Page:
End of mail delivery may be tough on seniors, Kerby Centre head says

Canada Post’s plan to phase out door-to-door mail delivery has Luanne Whitmarsh, CEO of Calgary’s Kerby Centre, concerned for the wellbeing of a number of seniors.

“I’m for Canada Post making this change because I’m a taxpayer,” Whitmarsh said in a recent interview.

“I’m against the way they are doing it because they’re blanketing the decision, as opposed to targeting different ways to reduce their cost that won’t have so many social impacts,” she said.

Canada Post announced just before Christmas that it will phasing out door-to-door delivery across the country over the next five years, for the one in three Canadians still receiving it.

Instead, mail will be dropped at community mail boxes, which will require homeowners to walk to their designated box to collect their letters and parcels.

Canada Post described the new delivery system as being “more secure, convenient and cost effective [and] this method also better handles items ordered online.”

However, no provision will be made for people with physical disabilities and seniors with mobility problems.

Whitmarsh, however, expressed concern the new system will make it tougher for elderly people, who haven’t yet adapted to the use of the internet and email and rely on the postal service.

“Imagine no longer just being able to grab your mail from the front door, and having to rely on specific weather conditions, and medical states to be able to walk that block or several blocks to get your mail,” she said.

Her concerns were echoed by Tara Brady of Between Friends, a non-profit group that works with people with developmental and physical disabilities.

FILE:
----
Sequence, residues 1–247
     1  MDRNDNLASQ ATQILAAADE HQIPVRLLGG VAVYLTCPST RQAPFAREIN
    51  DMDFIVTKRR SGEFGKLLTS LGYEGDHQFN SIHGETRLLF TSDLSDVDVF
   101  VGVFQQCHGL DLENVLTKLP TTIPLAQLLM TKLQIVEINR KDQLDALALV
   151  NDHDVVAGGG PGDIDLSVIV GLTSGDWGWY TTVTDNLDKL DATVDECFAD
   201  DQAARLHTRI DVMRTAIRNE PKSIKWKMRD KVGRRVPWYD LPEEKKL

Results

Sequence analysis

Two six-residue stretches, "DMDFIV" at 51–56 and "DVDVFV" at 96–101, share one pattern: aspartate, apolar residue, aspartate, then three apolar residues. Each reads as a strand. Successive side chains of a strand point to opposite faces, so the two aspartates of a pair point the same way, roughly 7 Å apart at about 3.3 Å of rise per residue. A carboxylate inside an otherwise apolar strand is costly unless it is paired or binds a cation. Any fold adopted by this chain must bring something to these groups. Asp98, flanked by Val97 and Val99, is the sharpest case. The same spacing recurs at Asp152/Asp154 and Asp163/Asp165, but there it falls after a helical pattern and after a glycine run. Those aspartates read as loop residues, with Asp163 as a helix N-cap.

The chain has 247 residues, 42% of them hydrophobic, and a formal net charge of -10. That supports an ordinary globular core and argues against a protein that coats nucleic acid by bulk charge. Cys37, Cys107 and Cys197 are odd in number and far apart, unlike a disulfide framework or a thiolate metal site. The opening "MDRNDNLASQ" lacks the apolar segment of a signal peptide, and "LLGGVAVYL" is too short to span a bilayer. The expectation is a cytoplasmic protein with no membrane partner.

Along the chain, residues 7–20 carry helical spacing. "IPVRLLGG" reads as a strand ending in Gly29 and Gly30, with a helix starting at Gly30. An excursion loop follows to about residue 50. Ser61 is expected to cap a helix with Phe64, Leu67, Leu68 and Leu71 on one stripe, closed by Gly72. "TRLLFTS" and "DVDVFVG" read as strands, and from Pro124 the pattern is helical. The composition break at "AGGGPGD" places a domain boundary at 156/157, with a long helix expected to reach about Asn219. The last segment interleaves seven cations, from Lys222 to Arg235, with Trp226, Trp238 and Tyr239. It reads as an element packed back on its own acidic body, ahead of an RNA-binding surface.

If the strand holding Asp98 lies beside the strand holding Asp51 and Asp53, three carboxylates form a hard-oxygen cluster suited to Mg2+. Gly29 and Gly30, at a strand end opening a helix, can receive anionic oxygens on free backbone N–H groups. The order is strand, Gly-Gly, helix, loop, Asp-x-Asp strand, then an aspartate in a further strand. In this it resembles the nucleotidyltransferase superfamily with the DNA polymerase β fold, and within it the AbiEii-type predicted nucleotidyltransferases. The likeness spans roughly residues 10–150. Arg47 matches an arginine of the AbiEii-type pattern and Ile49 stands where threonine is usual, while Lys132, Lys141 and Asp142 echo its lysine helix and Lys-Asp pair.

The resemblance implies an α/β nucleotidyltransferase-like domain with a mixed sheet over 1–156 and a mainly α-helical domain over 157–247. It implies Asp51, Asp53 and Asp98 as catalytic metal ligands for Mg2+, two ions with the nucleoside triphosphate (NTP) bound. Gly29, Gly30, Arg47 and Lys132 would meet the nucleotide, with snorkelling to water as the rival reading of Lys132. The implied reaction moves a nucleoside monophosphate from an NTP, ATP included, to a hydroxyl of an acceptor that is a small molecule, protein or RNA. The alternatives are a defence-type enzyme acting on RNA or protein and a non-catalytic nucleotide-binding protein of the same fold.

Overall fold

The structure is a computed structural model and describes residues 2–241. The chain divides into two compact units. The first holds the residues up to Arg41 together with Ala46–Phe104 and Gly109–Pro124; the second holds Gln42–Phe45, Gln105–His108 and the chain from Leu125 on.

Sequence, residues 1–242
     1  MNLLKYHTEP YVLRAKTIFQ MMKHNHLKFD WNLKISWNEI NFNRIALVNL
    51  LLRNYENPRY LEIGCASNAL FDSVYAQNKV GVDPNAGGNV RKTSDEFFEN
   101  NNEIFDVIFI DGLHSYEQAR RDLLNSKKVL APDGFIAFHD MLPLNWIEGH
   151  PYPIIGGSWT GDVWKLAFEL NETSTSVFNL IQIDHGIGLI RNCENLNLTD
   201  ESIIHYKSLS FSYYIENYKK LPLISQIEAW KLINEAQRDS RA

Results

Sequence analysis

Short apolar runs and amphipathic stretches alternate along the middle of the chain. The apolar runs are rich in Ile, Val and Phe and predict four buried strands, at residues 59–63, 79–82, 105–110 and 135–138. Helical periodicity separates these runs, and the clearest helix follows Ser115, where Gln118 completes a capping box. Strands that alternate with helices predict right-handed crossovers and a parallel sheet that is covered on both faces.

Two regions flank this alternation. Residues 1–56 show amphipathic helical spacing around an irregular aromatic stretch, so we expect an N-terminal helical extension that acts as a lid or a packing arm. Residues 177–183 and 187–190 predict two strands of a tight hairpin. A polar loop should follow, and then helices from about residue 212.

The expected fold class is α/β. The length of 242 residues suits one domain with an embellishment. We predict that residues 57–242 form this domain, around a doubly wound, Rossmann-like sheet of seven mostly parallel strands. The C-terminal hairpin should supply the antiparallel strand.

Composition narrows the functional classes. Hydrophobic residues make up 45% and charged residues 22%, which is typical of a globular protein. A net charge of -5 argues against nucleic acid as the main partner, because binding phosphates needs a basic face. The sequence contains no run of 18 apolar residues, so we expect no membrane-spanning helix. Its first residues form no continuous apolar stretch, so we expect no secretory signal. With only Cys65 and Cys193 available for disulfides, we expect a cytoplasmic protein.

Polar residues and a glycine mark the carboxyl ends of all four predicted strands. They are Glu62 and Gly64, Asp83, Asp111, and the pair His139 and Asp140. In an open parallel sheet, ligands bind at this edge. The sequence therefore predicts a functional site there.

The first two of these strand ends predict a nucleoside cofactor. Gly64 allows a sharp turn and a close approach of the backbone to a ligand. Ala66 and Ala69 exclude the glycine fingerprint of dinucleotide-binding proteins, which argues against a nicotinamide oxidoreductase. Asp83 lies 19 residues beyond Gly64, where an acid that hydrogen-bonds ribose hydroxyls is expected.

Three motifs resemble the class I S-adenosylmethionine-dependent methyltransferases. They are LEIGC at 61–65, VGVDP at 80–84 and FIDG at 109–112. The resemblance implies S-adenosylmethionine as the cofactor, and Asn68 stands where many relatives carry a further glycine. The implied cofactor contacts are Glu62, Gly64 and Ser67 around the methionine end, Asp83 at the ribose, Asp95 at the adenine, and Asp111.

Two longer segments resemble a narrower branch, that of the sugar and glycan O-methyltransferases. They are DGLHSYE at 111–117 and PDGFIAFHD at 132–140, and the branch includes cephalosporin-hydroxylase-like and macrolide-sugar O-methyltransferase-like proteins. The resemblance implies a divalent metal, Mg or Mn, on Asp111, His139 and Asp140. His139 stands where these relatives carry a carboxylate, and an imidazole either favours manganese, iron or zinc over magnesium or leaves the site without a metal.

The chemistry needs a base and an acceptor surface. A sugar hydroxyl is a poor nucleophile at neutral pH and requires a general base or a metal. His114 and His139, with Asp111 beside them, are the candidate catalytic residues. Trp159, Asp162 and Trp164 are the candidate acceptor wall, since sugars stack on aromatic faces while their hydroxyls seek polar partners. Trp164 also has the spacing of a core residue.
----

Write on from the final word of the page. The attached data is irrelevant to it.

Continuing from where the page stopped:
Brady is also for the changes that Canada Post is making regarding the community mail boxes, but worries that it will cause problems for clients of her organization.

“The downfall…is that those with limited mobility who may for example, use a walker or wheelchair to get around, must travel sometimes, a few blocks to gather their mail,” Brady said.

Imagine no longer just being able to grab your mail from the front door, and having to rely on specific weather conditions, and medical states to be able to walk that block or several blocks to get your mail. – Luanne Whitmarsh

As for solutions, Whitmarsh suggested trusted buddy systems to get the mail for those with limited mobility, more strategic infrastructure planning, and communication that supports those who don’t use online communication.

“Use some of the infrastructure to make it palatable to areas where there is a high concentration of people with disabilities or seniors, so that at least they don’t have to walk too far.”

Whitmarsh also noted that nowadays many seniors are left to their own devices, with the younger generation being too busy to look in on them regularly. If they are not comfortable using the Internet, they risk becoming even more cut off from their familes.

The solution might just require a few tweaks to the corporation’s plan, she suggested.

“At the very time people are told don’t give out info, seniors are now put in a more vulnerable position, maybe even putting their trust in a neighbor to get their mail, so it’s a sensitive and serious reality that needs to be addressed and taken into account.”

For further information, visit Canada Post’s five point action plan PDF at https://www.canadapost.ca/cpo/mc/assets/pdf/aboutus/5_en.pdf.

About Shealin Boswell 8 Articles
As a writing and communications major in the journalism program at SAIT, Shealin Boswell worked as a reporter for The Press during the 2013-2014 academic year.

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